Miami's Sports and Entertainment Events: Must-Attend Extravaganzas in the Magic City
Updated: Sep 21, 2023
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The city of Miami is a hotbed of nightlife and entertainment in a melting pot of Caribbean and other worldwide cultures, with sunny beaches and an alluring atmosphere that make it a top tourist destination throughout the year. Whether you’re looking for major tourist attractions like the Rolling Loud music festival or you want a more authentic taste of what life is like in the Magic City, here are some of the must-see events and attractions to keep in mind when looking for something to do, whether you’re visiting Miami or a native of the city.
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First, I’ll start this article off with an honorable mention. Miami’s extravagance reminds many visitors of Las Vegas, and those comparisons could become a lot closer in the next couple years as the state of Florida works to legalize sports betting. The city’s predisposition for opulence (take a look at the Seminole Hard Rock Hotel and Casino, built in the shape of a massive, ocean blue guitar) fits right in with the gambling lifestyle, and adding sportsbooks to the mix will add a new layer of fun to the entertainment once the booming industry is able to finally get running in South Florida. Destinations like the Hard Rock Casino are already intriguing because of the unique architecture they sport, even before you get started with the games, and as the betting economy continues to expand, one can only imagine what kinds of attractions we’ll see spring up next.
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Getting started with the rest of the list, one of the best places to visit if you’re looking for the authentic South Florida experience is Miami’s Little Havana neighborhood. The sprawling district covers roughly 3.5 of the 36 square miles of land area in the city, with more than 76,000 residents as of the 2010 census (meaning that more than one out of every six Miami residents calls Little Havana home). The neighborhood gets its name from the capital of Cuba, located a little over 250 nautical miles from Miami. South Florida has more than 1.2 million Cuban expats or people with ancestral roots in Cuba, and Little Havana is one of the best ways to experience Cuba’s diverse culture without jumping through the hoops that it takes to actually visit the secluded island.
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Whether you’re looking for nightlife, delicious food, the iconic Cuban coffee and cigars or the vibrant street art, Little Havana has something for everyone, the beating heart of the Magic City. As time has gone on, the neighborhood has grown to encompass more Latin American cultures than just those of Cuba: now many people hailing from Nicaragua, Honduras and Mexico reside in the area too. You can spend days wandering the neighborhood aimlessly, or you can go to specific events like the Viernes Culturales/Cultural Friday or the Calle Ocho Festival, a massive fiesta held each March.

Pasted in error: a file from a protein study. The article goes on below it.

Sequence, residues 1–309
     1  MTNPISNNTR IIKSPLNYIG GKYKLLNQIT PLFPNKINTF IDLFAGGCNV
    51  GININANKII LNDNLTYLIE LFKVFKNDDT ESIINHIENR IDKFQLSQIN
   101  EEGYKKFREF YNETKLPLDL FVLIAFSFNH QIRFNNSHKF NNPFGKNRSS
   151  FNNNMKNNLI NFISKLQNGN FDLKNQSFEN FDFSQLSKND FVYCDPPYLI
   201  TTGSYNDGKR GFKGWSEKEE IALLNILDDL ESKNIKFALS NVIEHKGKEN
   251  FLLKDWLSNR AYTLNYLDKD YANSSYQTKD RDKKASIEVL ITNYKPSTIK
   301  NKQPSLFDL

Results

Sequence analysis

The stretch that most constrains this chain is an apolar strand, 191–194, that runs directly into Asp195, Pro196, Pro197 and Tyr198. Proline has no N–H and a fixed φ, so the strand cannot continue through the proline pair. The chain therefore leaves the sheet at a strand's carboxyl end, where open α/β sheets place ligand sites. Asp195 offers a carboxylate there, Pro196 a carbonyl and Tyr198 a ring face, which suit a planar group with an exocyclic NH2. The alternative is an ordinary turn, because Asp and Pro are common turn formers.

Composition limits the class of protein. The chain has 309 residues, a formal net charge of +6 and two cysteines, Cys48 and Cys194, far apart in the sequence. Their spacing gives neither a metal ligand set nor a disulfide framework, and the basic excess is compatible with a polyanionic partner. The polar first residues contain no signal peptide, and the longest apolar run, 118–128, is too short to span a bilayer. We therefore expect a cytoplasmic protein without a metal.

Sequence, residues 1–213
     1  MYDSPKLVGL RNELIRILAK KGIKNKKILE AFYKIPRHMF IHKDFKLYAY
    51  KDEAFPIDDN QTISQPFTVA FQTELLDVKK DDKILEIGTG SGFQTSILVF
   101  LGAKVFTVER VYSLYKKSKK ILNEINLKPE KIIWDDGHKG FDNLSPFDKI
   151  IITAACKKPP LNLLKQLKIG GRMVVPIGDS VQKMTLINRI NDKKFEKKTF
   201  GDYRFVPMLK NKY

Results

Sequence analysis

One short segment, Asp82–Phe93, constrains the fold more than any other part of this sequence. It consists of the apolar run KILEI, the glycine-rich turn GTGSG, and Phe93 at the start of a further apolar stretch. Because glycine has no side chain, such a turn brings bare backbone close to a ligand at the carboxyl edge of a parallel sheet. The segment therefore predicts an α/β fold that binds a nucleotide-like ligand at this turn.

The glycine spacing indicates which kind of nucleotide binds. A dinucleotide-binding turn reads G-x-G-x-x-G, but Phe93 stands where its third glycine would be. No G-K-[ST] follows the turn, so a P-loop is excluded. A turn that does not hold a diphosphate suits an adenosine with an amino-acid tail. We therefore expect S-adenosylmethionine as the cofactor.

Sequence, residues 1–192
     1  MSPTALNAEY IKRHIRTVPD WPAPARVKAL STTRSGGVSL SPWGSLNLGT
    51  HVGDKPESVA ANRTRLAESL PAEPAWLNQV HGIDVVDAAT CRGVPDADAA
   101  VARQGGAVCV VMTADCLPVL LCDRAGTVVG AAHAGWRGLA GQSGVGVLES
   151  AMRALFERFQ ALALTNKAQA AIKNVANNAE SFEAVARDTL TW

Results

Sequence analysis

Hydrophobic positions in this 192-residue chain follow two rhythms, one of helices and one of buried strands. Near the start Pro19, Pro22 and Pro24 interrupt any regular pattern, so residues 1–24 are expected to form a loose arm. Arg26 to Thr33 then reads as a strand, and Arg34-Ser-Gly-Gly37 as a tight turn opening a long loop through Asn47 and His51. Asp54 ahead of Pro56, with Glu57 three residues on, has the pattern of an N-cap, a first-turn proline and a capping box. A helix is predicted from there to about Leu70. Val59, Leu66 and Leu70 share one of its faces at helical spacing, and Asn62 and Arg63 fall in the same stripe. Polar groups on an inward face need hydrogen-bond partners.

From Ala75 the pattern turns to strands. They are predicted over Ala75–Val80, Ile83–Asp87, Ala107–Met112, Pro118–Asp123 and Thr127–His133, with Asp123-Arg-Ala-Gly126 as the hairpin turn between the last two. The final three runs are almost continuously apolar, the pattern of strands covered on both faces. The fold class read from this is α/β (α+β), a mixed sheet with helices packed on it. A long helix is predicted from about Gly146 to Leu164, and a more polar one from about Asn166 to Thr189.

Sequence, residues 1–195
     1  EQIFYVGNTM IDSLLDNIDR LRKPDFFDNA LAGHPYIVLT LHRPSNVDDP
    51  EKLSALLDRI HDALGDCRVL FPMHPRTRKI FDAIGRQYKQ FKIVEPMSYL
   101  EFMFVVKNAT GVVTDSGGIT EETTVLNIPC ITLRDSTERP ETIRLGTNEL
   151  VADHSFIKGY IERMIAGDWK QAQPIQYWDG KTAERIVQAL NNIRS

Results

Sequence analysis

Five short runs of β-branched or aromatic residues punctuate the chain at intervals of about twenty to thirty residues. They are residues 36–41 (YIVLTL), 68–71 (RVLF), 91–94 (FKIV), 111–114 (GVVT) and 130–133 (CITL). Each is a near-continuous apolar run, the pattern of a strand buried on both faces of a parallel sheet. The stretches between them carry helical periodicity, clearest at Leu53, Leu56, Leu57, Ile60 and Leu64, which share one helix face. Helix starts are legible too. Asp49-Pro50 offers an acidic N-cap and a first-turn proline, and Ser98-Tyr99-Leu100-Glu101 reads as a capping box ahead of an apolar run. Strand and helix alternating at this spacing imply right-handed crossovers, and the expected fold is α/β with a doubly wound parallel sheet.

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When it comes to sporting events, Miami has a range of professional teams. Each of the Big Four North American sports calls the Greater Miami area home: the Miami Marlins of MLB, the Heat of the NBA, the Dolphins of the NFL and the Panthers of the NHL.
If you’re staying in Miami itself or relying on public transportation to get around, the Marlins and Heat make the most sense (depending which time of year you visit) as both their home stadiums are within the city itself. The Heat provide consistent championship caliber basketball under the tutelage of coaching wunderkind Eric Spoelstra, while the Marlins have a young team brimming with talent on the verge of completing a lengthy rebuild. It’s hard to imagine Latin American culture without baseball, after all, which makes the Marlins an excellent choice for the culturally-inclined.
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The Panthers made a run to the Stanley Cup Final this past season, falling just short to the eventual champions (just as the Heat did in the NBA Finals), so if you want to see some snow in South Florida (and have a rental car, brought your own, or have the patience for a lengthy trip on public transportation), you’ll have to travel further afield to Sunrise. The Dolphins and Miami Hurricanes (of college football) play roughly half an hour north of the city in Miami Gardens, while CF Inter Miami of MLS is shaking up the soccer world after reeling in one of the greatest players of all time, Lionel Messi, to suit up for them.
Inter Miami, similarly, plays all the way up in Fort Lauderdale despite calling the Magic City home: the opportunity to see Messi play is a chance like no other, but there are some hefty logistics to balance in order to do so.